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Stop Wasting Time & Money On Your Content Marketing
Columnist Arnie Kuenn presents some helpful tips for all of you out there that do not have a content marketing budget of $1 million or more. Sorry, Coke.
There are many misconceptions about how companies are “supposed” to implement content marketing. And in a perfect world, with a hefty marketing budget and infinite resources, all of us would execute content marketing the “right” way. Unfortunately, that often isn’t the case.
Luckily, it doesn’t have to be. Truthfully, there are many unglamorous (and usually not presented) ways to be effective with content marketing notwithstanding the size of your budget or amount of resources available.
Following are eight ways in which content marketers often waste time and money on content marketing — accompanied by tips to be efficient yet successful without wasting resources or breaking the bank:
Mistake #1: Pitch Your Executives On Content Marketing & Social Media
Getting buy-in from management for new marketing initiatives is always somewhat challenging, and that is no different when it comes to content marketing. And as content marketing has grown in adoption, many executives think they know what it’s all about, but may associate it with big brands and therefore, big budgets.
Because of this, you will most likely be met with objections when trying to pitch content marketing to higher-ups. So instead of focusing your pitch on content marketing and social media, pitch them on listening, teaching and helping your customers.
After all, teaching and helping your audience is the most important aspect, and it’s something most bosses can relate to and get behind. You might be surprised at the difference this subtle change in your pitch can make.
Mistake #2: Creating A Full-Blown Content Strategy
Having a well-documented content strategy can do wonders for a business — if people actually apply it. Unfortunately, lots of time and energy are spent creating big “strategy documents” that are rarely used or referenced when it comes time to carry out the tactics.
Fortunately, there are many resources available that can help get you on track to achieving content marketing ROI without a full-fledged, documented strategy. Sometimes checklists, templates and content calendars are all a business needs to get started. Worry about that full blown strategy later — or never.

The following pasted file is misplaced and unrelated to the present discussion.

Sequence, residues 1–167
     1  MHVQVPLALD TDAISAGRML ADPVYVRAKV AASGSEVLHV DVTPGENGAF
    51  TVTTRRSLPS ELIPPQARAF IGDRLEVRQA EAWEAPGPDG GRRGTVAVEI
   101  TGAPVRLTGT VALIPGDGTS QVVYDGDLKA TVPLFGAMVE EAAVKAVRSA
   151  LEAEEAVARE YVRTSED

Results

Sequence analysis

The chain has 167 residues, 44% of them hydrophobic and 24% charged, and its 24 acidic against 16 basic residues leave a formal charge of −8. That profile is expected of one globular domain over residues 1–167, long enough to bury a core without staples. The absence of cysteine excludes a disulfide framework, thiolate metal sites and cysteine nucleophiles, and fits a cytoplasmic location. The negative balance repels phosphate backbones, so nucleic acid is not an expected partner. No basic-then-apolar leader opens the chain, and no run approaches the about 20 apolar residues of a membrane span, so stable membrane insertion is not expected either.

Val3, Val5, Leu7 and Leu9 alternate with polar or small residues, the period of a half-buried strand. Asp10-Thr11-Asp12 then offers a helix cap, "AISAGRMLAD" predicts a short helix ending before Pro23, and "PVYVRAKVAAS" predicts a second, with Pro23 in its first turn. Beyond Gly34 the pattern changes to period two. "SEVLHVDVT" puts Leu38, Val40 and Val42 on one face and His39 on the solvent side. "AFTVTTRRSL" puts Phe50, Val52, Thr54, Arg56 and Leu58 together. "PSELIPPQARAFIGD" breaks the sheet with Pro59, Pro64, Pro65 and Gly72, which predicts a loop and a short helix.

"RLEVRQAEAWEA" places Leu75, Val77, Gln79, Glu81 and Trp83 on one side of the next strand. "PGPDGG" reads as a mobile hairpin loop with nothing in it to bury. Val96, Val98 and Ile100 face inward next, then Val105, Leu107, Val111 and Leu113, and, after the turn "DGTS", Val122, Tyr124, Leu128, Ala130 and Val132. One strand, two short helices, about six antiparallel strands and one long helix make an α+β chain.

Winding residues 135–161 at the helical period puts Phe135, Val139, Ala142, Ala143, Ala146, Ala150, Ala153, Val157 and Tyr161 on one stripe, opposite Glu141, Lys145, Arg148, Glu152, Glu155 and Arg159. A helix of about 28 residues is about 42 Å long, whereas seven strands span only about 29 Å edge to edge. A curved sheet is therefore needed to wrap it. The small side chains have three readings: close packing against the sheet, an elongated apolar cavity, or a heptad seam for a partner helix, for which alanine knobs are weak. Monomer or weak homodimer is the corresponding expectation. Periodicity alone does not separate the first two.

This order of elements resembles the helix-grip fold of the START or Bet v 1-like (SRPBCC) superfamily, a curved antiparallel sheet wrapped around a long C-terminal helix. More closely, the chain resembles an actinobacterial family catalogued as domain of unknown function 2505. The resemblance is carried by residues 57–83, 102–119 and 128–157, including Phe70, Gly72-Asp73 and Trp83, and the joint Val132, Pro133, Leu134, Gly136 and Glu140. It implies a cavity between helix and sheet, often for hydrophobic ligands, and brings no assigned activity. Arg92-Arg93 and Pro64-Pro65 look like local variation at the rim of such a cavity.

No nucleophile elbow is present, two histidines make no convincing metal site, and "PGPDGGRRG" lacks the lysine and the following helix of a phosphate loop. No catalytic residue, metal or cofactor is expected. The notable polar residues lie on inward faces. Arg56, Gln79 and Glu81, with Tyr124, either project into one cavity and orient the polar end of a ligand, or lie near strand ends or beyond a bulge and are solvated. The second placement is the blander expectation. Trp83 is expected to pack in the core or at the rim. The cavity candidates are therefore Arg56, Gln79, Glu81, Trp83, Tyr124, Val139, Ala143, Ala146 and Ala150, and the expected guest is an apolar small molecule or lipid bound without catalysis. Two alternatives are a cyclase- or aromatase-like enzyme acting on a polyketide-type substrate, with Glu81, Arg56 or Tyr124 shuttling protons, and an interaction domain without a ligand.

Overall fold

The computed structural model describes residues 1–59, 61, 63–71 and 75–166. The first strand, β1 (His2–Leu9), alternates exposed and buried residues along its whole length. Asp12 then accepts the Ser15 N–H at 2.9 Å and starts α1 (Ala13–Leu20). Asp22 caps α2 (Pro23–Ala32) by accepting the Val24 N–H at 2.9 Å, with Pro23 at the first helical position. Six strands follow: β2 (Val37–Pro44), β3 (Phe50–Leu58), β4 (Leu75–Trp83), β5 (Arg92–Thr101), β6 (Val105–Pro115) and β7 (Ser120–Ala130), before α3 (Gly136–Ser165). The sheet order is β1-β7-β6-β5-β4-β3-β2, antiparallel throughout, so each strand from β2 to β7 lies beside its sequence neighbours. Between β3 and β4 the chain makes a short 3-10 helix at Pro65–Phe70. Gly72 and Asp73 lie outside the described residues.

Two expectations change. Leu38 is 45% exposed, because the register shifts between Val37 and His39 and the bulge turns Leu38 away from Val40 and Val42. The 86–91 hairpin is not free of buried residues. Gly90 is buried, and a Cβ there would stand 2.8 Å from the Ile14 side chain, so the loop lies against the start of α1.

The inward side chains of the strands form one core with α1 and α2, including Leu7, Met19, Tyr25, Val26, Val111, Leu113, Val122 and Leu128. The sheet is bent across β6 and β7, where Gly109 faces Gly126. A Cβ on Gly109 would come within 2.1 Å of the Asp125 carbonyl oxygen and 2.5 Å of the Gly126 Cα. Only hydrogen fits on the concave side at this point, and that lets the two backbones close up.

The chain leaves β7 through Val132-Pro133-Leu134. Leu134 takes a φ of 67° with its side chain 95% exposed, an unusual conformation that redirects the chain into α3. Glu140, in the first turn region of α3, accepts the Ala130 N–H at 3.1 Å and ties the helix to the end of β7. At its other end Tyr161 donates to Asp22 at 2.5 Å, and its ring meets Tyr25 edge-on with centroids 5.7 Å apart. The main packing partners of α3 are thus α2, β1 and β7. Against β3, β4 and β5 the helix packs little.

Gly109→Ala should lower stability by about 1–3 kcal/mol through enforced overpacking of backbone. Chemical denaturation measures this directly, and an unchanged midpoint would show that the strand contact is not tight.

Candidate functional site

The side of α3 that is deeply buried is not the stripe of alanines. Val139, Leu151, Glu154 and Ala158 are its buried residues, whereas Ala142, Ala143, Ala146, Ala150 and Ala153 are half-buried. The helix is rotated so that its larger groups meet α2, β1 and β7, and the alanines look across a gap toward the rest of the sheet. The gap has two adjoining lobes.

Mistake #3: Believing In Content Shock
Some marketers expect that someday, the Internet will become too crowded with content, which has come to be known as “content shock.” Personally, I don’t believe that will be the case.
Great content will always rise to the top; it has been that way throughout the history of content creation. If you’re creating compelling content that is useful to your audience, content shock isn’t anything to worry about. Besides, your competitor is creating something right now; they are not looking for excuses not to create content.
Mistake #4: You Have To Be Awesome At Storytelling
Being awesome at storytelling is always a plus when practicing content marketing, but it’s not a requirement. However, being able to help and educate your audience through the content you create is essential to achieving success. If your content doesn’t meet those criteria, it really doesn’t matter how good “the story” is.
There are many ways to teach and help your audience, be it through “how-to” videos, well-designed infographics or turning your blog into a learning center. However you choose to go about it, always aim to educate, entertain or assist your audience when creating content to provide the best user experience possible. That’s the only “story” you need to tell.